Clickable wireframes are great to convey your design ideas and can serve as an excellent reference point for devising your design requirements. While they do have their advantages over paper prototypes, clickable wireframes are still limited in terms of evaluating the actual usability of the digital product. In fact, their static quality makes it difficult to determine key aspects of what the customer feels or thinks, as well as their overall experiences while using your product. In addition, wireframes are not ideal to convey complex animations or transitions.

Although paper prototypes and clickable wireframes are advantageous in fostering design thinking, supporting rapid exploration and experimentation with design concepts, as well as,  soliciting the customers' opinions and experiences. They immanently lack the level of detail and realism required to adequately support usability testing. 

High-fidelity Prototyping

High-fidelity prototypes are inherently detailed and realistic, as they closely resemble the final version of the product. Due to their realistic nature, high-fidelity prototypes are ideal for usability testing e.g., you can assess whether the graphical elements or interactive elements of your product really work. Accordingly, users are more inclined to behave more naturally and share more meaningful and honest feedback, as interacting with your prototype feels like the real experience. High Fidelity prototypes can be created with tools such as Adobe XD, Figma, InVision Studio, and Azure RP 9. 

Here is an example of a high-fidelity prototype created in InVision Studio.

Unlike low-fidelity prototypes, most if not all of the visuals, content, and interactive elements are featured in high-fidelity prototypes. As such, it is well suited to demonstrate a tangible and clear representation of the main features and functionality of your product, while simultaneously providing a rich and interactive experience for your customers. Notwithstanding their advantages, high fidelity prototypes can demand more resources (eg., more time for development, high financial cost, and requires more technical skills to support development).

How to Prototype?

  1. Simply, by starting - First, you'll need to start right? Grab your pen and paper and start adding more details to those ideas from your ideate session. You can peer-test, to evaluate your preliminary design concepts to gain deeper insights into design decisions you're making or those that you'll need to make to improve the user experience. You'll also garner more meaningful insights into the design requirements or interactive elements necessary to address your design challenge.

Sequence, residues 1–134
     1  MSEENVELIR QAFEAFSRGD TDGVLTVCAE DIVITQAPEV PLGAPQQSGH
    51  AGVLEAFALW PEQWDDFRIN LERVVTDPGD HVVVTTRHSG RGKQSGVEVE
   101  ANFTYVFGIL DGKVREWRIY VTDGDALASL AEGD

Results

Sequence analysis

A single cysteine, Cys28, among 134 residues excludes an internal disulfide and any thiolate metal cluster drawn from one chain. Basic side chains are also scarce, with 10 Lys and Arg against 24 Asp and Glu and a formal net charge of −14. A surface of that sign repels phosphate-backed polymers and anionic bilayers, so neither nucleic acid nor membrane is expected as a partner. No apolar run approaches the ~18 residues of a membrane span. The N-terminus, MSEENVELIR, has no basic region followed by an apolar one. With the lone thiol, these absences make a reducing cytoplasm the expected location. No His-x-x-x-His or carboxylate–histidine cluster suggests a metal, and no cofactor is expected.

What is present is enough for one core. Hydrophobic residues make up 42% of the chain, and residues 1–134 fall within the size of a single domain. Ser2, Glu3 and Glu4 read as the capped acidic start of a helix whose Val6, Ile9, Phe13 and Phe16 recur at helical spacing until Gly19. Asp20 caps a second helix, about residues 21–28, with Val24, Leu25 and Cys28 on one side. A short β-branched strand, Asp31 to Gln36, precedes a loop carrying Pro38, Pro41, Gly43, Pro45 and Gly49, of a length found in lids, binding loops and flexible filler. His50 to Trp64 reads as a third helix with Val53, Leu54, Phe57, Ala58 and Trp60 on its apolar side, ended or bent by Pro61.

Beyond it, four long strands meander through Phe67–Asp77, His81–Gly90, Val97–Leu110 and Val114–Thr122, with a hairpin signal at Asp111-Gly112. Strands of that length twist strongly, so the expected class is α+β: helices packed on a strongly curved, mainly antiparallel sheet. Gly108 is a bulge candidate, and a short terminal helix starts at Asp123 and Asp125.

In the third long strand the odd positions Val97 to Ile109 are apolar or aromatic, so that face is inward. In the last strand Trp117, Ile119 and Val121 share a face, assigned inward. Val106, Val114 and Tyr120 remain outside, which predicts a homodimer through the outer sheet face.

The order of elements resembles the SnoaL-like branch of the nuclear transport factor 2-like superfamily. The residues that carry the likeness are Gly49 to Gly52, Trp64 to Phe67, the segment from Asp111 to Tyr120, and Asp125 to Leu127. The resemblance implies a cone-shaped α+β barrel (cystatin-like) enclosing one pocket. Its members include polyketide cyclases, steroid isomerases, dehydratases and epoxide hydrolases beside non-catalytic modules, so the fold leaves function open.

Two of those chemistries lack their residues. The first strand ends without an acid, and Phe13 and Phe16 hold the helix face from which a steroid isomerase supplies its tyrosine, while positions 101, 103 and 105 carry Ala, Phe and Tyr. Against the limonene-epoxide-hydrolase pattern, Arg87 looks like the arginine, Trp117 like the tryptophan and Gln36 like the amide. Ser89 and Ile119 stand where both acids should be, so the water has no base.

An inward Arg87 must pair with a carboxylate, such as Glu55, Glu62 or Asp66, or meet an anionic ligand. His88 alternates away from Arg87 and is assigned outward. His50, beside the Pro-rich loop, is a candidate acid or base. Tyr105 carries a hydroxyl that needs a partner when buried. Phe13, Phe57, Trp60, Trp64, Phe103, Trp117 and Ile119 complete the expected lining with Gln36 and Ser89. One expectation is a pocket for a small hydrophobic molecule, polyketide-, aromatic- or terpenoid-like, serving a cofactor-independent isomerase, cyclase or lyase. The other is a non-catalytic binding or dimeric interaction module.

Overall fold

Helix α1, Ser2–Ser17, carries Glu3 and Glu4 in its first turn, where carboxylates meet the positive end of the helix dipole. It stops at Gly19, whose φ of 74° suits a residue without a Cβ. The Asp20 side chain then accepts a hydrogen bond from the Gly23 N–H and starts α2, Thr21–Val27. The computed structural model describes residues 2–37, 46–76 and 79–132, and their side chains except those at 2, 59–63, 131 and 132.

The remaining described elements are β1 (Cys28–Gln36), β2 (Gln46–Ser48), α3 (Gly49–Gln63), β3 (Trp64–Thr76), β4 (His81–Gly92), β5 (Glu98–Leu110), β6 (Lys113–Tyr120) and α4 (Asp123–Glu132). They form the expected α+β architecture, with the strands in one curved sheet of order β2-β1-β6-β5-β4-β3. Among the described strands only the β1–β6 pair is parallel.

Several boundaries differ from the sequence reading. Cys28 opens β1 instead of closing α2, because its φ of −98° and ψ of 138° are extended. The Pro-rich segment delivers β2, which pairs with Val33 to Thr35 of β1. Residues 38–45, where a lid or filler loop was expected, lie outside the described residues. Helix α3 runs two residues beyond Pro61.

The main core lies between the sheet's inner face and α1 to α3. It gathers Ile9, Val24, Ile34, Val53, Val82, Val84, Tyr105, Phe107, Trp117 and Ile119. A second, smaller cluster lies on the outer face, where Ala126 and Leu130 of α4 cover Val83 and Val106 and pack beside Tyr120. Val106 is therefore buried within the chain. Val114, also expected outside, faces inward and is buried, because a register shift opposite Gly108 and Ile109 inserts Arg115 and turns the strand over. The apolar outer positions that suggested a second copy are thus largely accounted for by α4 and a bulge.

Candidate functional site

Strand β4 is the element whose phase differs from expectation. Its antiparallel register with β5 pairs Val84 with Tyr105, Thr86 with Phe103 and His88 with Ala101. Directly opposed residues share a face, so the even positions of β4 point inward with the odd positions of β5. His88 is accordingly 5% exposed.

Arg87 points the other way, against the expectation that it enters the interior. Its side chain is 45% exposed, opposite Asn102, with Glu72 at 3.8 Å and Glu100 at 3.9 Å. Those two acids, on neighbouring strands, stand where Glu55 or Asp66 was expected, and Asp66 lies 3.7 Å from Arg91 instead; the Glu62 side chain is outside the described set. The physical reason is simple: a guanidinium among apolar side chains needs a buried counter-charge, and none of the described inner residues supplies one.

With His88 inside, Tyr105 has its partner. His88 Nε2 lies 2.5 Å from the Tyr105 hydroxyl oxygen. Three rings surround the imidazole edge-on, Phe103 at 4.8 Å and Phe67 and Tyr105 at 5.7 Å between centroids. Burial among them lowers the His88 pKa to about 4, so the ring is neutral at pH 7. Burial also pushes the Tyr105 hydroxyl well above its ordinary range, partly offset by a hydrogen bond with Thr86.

2. Set clear goals - For e.g., what need are you addressing with this particular prototype? What are you trying to test and what do you expect to achieve following the evaluation of this prototype? Remember you're rapidly exploring and experimenting with different ideas so avoid spending too much time with one particular prototype.
  3. Design with your customer in mind - You may ask these questions: What problem are you trying to address? What feature would make their lives easier? How would they interact with this feature? What are their expectations of the product? To keep in check, always go back to the drawing board and evaluate if your design addresses your problem statement.
  4. Exploit the right tool - Use the appropriate tool that suits your needs and also that of your team.

It's time to Reflect, Analyze, and Transition to the Testing Phase.

Prototyping and testing often occur in tandem. Accordingly, once your prototype is created, you'll need to evaluate it with your target users. As mentioned above, you'll need to set clear goals, while carefully thinking along with your teammates about what you're going to test and what are your expectations/assumptions of the evaluation. Once you have garnered the customer-insights, you'll need to adequately analyze and reflect on your key findings, which inevitably will prompt iterative prototyping and retesting sessions until you've reached the optimal product design that satisfies your customers' needs.

Additional Resources

  1. https://www.interaction-design.org/literature/article/ux-tools-wireframing-and-prototyping-tools
  2. https://blog.adobe.com/en/publish/2017/11/29/prototyping-difference-low-fidelity-high-fidelity-prototypes-use.html#gs.thejnx
  3. https://careerfoundry.com/en/blog/ux-design/design-thinking-stage-four-prototyping/
  4. https://xd.adobe.com/ideas/process/wireframing/wireframe-design-definition/
  5. https://www.interaction-design.org/literature/article/etch-a-sketch-how-to-use-sketching-in-user-experience-design
  6. https://hike.one/update/why-use-micro-animations-in-your-design


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A Beginner's Guide to Design Thinking
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Kadian Davis-Owusu (PhD)
Kadian has a background in Computer Science and pursued her PhD and post-doctoral studies in the fields of Design for Social Interaction and Design for Health. She has taught a number of interaction design courses at the university level including the University of the West Indies, the University of the Commonwealth Caribbean (UCC) in Jamaica, and the Delft University of Technology in The Netherlands. Kadian also serves as the Founder and Lead UX Designer for TeachSomebody and is the host of the ExpertsConnect video podcast. In this function, Kadian serves to bridge the learning gap by delivering high-quality content tailored to meet your learning needs. Moreover, through expert collaboration, top-quality experts are equipped with a unique channel to create public awareness and establish thought leadership in their related domains.... Show more